THE BEAT ON RUBY’S STREET by Jenna Zark // Book Review

THE BEAT ON RUBY’S STREET by Jenna Zark // Book Review

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It’s funny how something can look pretty good until you see it with someone else’s eyes. (Zark 48)

Helloooo, everyone! It’s been awhile since I’ve had the opportunity to write a book chat, so I’m very excited to talk about The Beat on Ruby’s Street today. 🎉 This book chat also marks a milestone on my blog: I was sent an ebook copy of The Beat on Ruby’s Street in exchange for an honest review, so thank you to Aurora Publicity for that. 😊

 

The Beat on Ruby’s Street is a historical middle-grade novel set in 1950s America — Greenwich Village, New York City, to be precise. The story follows twelve-year-old Ruby Tebeata as she gets hauled off to the police station after being accused of theft, and is then forced to live in a children’s home after a social worker deems Ruby’s home and current education unfit for her. All of Ruby’s adventures from there onward continue to give the reader insightful and detailed glimpses into the setting of Greenwich Village during the Beat Generation period of American history, and also touches on topics like defying authority, people’s passion for art, and learning to accept that all change isn’t bad.

 

The reason I accepted the offer to review this book was because it was set in a time period and place in American history that I previously knew nothing about. The Beat Generation was a literary movement in post-World War II America that emphasized a freer, more flowing form of speech, less focus on materialism, and defiance against authority (or “the man,” as people within the novel call it 😊). After reading a few articles online about the Beat Generation, I dove right into the story, not sure what to anticipate…

 

… and got a lot more out of the novel than I expected to.

 

Zark successfully pulled me into Ruby’s story through detailed world-building that didn’t make me confused about the setting of the Beat Generation; scattered throughout the book are references to real, influential figures of the time period, as well as explanations for who they were and why they were significant for readers like me (hi! 👋😉) who might be confused by the references.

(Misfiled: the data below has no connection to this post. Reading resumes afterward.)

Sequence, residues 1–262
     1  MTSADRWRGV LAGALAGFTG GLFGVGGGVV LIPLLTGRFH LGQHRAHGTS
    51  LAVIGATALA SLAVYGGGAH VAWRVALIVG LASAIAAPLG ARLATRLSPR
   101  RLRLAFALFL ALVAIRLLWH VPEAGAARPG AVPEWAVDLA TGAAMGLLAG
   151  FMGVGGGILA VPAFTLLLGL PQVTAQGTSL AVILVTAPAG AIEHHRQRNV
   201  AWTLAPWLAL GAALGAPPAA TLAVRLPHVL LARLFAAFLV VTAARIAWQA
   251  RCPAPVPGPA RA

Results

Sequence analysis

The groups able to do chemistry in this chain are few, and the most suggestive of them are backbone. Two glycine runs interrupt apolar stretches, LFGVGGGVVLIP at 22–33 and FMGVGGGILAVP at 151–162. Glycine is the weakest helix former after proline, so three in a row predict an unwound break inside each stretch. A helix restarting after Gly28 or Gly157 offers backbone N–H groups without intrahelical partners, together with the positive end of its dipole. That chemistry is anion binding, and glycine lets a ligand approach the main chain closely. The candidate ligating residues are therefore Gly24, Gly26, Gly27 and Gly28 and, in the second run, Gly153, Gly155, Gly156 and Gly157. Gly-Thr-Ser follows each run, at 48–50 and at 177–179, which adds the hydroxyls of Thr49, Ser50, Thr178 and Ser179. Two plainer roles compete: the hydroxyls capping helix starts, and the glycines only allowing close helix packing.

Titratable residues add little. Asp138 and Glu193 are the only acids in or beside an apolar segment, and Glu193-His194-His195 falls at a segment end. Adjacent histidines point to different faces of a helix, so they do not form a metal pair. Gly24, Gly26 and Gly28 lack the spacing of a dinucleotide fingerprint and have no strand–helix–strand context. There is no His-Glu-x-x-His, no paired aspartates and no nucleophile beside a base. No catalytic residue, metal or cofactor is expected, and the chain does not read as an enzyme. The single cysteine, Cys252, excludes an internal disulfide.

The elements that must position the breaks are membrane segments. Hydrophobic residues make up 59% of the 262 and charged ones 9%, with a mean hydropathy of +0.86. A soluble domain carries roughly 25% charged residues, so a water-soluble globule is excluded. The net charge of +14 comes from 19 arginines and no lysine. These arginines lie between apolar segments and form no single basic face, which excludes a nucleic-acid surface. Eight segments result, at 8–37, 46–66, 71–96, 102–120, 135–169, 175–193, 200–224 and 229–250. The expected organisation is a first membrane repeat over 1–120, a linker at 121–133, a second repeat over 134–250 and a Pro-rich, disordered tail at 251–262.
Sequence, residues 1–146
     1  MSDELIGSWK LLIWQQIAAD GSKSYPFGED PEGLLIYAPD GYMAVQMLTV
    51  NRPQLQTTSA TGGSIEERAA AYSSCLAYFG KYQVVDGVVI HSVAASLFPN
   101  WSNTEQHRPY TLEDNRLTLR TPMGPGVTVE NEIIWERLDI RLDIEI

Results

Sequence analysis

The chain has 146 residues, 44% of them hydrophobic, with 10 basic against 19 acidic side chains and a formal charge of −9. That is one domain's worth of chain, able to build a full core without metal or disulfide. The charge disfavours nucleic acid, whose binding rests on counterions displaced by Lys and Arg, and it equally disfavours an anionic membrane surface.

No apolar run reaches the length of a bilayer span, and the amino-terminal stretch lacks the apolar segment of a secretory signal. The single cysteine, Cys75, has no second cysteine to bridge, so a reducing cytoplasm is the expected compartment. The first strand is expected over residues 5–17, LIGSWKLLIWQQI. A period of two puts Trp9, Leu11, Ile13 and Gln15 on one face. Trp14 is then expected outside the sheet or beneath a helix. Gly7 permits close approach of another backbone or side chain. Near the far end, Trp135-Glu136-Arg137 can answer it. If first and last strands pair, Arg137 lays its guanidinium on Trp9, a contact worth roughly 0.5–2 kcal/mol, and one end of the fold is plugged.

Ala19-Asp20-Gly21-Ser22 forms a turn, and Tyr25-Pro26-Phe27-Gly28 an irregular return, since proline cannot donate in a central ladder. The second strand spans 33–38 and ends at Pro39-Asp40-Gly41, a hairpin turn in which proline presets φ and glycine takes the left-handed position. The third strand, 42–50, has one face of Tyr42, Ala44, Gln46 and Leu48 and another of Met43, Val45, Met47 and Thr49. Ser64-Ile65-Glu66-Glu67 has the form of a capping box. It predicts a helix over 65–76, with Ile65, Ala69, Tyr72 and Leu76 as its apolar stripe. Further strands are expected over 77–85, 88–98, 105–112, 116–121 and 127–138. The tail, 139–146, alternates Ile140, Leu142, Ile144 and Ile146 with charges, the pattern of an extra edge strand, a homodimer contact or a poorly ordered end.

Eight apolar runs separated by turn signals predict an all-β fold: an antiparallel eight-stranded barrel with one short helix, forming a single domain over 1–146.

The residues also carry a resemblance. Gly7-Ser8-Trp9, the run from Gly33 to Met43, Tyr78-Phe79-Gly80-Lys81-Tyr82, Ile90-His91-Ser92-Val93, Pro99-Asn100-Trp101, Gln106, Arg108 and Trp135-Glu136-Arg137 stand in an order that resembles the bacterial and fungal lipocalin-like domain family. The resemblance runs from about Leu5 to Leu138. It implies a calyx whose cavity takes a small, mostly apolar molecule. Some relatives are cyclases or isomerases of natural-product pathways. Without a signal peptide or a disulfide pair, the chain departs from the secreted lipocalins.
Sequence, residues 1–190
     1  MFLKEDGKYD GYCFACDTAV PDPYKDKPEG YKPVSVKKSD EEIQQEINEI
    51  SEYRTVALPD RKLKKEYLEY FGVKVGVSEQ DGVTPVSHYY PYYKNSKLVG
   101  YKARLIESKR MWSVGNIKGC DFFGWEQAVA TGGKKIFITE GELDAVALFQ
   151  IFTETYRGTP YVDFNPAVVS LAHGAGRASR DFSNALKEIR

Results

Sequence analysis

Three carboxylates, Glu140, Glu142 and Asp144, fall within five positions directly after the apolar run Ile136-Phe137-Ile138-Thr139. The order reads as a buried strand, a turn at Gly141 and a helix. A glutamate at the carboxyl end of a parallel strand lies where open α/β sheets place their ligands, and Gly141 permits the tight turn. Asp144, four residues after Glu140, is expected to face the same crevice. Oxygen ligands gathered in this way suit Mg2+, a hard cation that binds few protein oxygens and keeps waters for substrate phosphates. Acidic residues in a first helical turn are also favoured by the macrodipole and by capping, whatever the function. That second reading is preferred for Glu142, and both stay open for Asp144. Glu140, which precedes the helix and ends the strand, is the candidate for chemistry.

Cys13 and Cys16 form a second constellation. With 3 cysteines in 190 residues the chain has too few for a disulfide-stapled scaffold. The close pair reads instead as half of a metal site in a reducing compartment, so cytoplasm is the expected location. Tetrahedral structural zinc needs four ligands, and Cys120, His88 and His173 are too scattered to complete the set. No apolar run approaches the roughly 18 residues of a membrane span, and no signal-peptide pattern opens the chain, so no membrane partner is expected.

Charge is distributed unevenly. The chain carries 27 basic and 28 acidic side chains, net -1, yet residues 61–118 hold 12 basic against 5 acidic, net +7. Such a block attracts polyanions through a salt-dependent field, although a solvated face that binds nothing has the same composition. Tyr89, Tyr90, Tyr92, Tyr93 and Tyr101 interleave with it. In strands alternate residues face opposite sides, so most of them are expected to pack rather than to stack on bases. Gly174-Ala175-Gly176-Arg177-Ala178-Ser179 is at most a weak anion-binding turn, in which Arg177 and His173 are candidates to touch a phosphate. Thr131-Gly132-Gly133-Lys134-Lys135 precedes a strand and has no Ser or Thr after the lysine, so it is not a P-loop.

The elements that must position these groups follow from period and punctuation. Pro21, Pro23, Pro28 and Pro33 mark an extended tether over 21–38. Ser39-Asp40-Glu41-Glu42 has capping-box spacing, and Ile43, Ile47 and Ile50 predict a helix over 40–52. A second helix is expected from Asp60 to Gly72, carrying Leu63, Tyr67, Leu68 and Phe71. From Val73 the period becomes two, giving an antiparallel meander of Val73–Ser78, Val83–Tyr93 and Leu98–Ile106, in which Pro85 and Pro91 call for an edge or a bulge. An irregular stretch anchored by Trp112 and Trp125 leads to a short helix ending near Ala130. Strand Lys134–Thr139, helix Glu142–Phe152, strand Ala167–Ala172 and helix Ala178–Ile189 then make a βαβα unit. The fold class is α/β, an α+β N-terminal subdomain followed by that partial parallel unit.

It’s also important to note that that narration was very well-crafted. As I read the book, I genuinely felt like I was seeing the world of Greenwich Village through the eyes of a twelve-year-old girl — Ruby’s voice was the perfect mixture of feeling simultaneously honest, childish, sensitive, observant, and lyrical. Even when she found herself feeling lost or frustrated in the novel, I found myself rooting for her to fight her way through her struggles and learn from her experiences.

Zark didn’t try to hide the fact that Ruby, as a young girl, wasn’t mature enough to notice or accurately judge the events happening around her. For example, when the social worker took Ruby away during the beginning of the novel, I found myself agreeing with the points the social worker made. Ruby’s home was in shambles, and she was clearly not being taken care of to the best extent by her parents. Ruby was so used her life in Greenwich Village that she didn’t realize how much she was missing in terms of her parents’ care and love:

 

“Nell-mom will be too upset to make dinner, so Ray will have cereal but I’m really tired of Cheerios. If Gary Daddy-o gets home before dark, he’ll either grab a hot dog on the way or eat at Les and Bo’s if they’re playing music together” (Zark 40).

 

As you can tell from the quote above, Ruby had to learn to fend for herself at a young age. Her mom doesn’t make food for her when she’s upset (and who knows how often that happens), and Ruby’s dad clearly doesn’t care enough for Ruby if he eats out by himself without paying any attention to Ruby’s health. I found it interesting to read about Ruby’s unrelenting desire to do anything to stay with her parents and get back home even when the social worker explained to Ruby why she needed to be taken away; in the end, many of Ruby’s thoughts were influenced by the adults around her, especially her parents. Before Ruby even saw a social worker, she already decided she despised them because her mother had conditioned her to feel this way about social workers, and Zark successfully crafted Ruby’s narration so that readers could distinguish which thoughts were Ruby’s own, and which ones were her parents’ words put into her own mind.

 

 

In the hectic, adult-run world of Greenwich Village, following Ruby on her journey of revelations and observations of the world around her was one that kept me interested the entire book.